The Morrison government has introduced new legislation responding to recent protests by animal rights activists in Australia.
The bill –named The Criminal Code Amendment (Agricultural Protection) Bill 2019 – will tighten up existing laws, creating harsher penalties for those who incite others to trespass on farms.
Minister for Agriculture Bridget McKenzie and Attorney-General Christian Porter have said this legislation will deliver on the government’s
election commitment to protect the privacy of Australian farmers and primary producers […] from the unlawful actions of animal activists”.
The legislation may not affect the sanctions animal activists already face for protests like the recent unauthorised sit-in in Melbourne CBD. Instead, it would mean activists may have to be more careful about distributing evidence of animal cruelty online to encourage people to take action against the meat industry.
But the legislation makes no mention of a farmer’s personal safety, instead targeting behaviour that would cause problems to a business. And it adds to a recent spate of legislation that prevents people from protesting with more than just symbolic actions.
Who does the bill target?
The legislation targets online actions of animal rights activist groups such as Aussie Farms, a charity that recently published a map of Australian farms allegedly engaged in animal cruelty.
The group’s professed goal is to
end commercialised animal abuse and exploitation by […] increasing industry transparency and educating the public about modern farming and slaughtering practices.
The charity contends most farms rely on secrecy and deceptive practices such as using images of happy animals rolling in the sunshine alongside words such as “free range” or “humanely slaughtered”. But secret footage reveals questionable slaughtering practices such as the use of gas chambers.
On the other hand, farmers have complained that the actions of Aussie Farms threaten their own privacy and safety, and the biosecurity of their sites.
What are the new offences?
The bill introduces two new criminal offences for cases where a person uses a carriage service, such as social media or a website, “to transmit, make available, publish or otherwise distribute material” with an intention to incite another person to
- trespass on agricultural land, or
- unlawfully damage or destroy property, or commit theft, on agricultural land.
“Agricultural land”, in this case, refers to land used for “primary production business”. This includes chicken farms, piggeries, and businesses operating as an abattoir or an animal saleyard.
The first offence carries a maximum of 12 months’ imprisonment, while the second offence may lead to up to five years’ imprisonment. Importantly, the bill also specifies that the offences wouldn’t apply to a news report
which is in the public interest and is made by a person working in a professional capacity as a journalist.
Who does bill really protect?
The government claims this bill will protect farmers’ privacy and security, and avoid risks of biosecurity hazards posed by unauthorised entries of activists.
But if this were really the goal, we would not need a new bill. The use of “a carriage service to menace, harass, or cause offence” is already punishable under section 474.17 of the Criminal Code.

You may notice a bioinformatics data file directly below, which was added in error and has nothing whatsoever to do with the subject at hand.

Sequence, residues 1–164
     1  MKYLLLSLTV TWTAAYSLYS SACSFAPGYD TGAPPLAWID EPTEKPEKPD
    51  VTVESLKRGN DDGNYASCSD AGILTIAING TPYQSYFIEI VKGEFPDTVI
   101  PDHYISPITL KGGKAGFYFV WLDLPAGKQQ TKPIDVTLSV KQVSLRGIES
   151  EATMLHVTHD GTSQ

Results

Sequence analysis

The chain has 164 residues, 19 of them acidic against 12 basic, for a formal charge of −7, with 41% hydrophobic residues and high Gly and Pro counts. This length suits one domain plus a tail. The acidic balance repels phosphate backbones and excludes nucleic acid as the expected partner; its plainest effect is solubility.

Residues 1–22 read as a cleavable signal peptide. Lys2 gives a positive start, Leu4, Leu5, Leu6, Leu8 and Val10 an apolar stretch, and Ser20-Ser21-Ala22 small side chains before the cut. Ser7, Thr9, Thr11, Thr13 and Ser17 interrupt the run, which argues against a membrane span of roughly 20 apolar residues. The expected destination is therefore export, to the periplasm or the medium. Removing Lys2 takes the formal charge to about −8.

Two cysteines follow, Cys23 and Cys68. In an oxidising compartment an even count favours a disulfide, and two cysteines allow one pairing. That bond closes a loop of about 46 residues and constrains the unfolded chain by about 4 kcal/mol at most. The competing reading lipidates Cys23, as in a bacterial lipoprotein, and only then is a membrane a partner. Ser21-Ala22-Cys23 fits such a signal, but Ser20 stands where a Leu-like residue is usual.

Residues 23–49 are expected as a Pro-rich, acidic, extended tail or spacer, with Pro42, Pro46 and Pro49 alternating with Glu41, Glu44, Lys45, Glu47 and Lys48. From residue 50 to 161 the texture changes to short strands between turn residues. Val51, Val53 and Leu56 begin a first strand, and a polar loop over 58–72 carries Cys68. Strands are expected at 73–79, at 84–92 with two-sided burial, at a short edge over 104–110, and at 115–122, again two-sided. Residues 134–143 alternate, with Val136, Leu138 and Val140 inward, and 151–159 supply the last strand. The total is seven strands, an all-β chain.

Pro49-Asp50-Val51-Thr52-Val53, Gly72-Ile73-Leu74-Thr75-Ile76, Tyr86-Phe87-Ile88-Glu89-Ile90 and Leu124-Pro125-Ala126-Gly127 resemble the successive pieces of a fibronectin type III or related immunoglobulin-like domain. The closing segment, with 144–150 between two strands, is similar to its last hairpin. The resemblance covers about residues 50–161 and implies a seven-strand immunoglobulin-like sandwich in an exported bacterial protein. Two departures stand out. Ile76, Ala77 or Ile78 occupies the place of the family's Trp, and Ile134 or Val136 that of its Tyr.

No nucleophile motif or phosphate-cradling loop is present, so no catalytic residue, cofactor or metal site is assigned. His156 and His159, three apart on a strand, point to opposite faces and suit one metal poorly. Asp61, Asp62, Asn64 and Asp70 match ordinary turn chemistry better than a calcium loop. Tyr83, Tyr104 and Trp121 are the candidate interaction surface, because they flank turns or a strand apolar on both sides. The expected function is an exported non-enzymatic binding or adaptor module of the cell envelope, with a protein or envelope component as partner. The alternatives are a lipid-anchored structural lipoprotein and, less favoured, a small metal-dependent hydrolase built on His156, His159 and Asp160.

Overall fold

In fact, the legislation doesn’t even mention farmers’ personal safety. Rather, its target is behaviour that “would cause detriment to a primary production business”.
The bill’s Explanatory Memorandum (a document accompanying each bill to explain its intention) further states:
it is irrelevant if detriment to a primary production business actually occurs as a result of incited trespass. All that is needed […] is that the offender was aware there was a substantial risk that trespass could cause detriment to a primary production business.
So it isn’t clear how this bill will “protect” the well-being of farmers. What is clear, however, is that this bill is part of a growing trend of creating heavy-handed “special offences” punishing protesters that go beyond merely symbolic actions. Meanwhile, the government claims to respect the freedom of assembly and right to protest.
For instance, in response to growing anti-mining protests, the (now repealed) NSW Inclosed Lands, Crimes and Law Enforcement Amendment (Interference) Bill 2016 introduced the offence of “hindering the working of equipment belonging to a mine”, punishable by up to seven years in jail.
Last year, the NSW Crown Lands Management Regulation 2018 gave police officers the wide-ranging power to prevent individuals from “taking part in any gathering, meeting or assembly”. And in 2015, the Border Force Act made it a crime to report on patients’ medical conditions in off-shore detention centres.
Rather than engaging with activists’ demand for more transparency in the meat industry, the government has now made it a crime for them to “demand” more transparency, when the latter might be detrimental to the business.
What’s more, farmers aren’t the only ones facing personal threats. Activists who have taken action to denounce the unethical practices allegedly employed in Australian abattoirs have also been subject to serious threats because of their choice to criticise the meat industry.
But the government seems less concerned with the privacy and safety of citizens when their conduct may cause “detriment” to the interests of business.
Piero Moraro, Lecturer in Criminal Justice, Charles Sturt University. This article is republished from The Conversation under a Creative Commons license. Read the original article.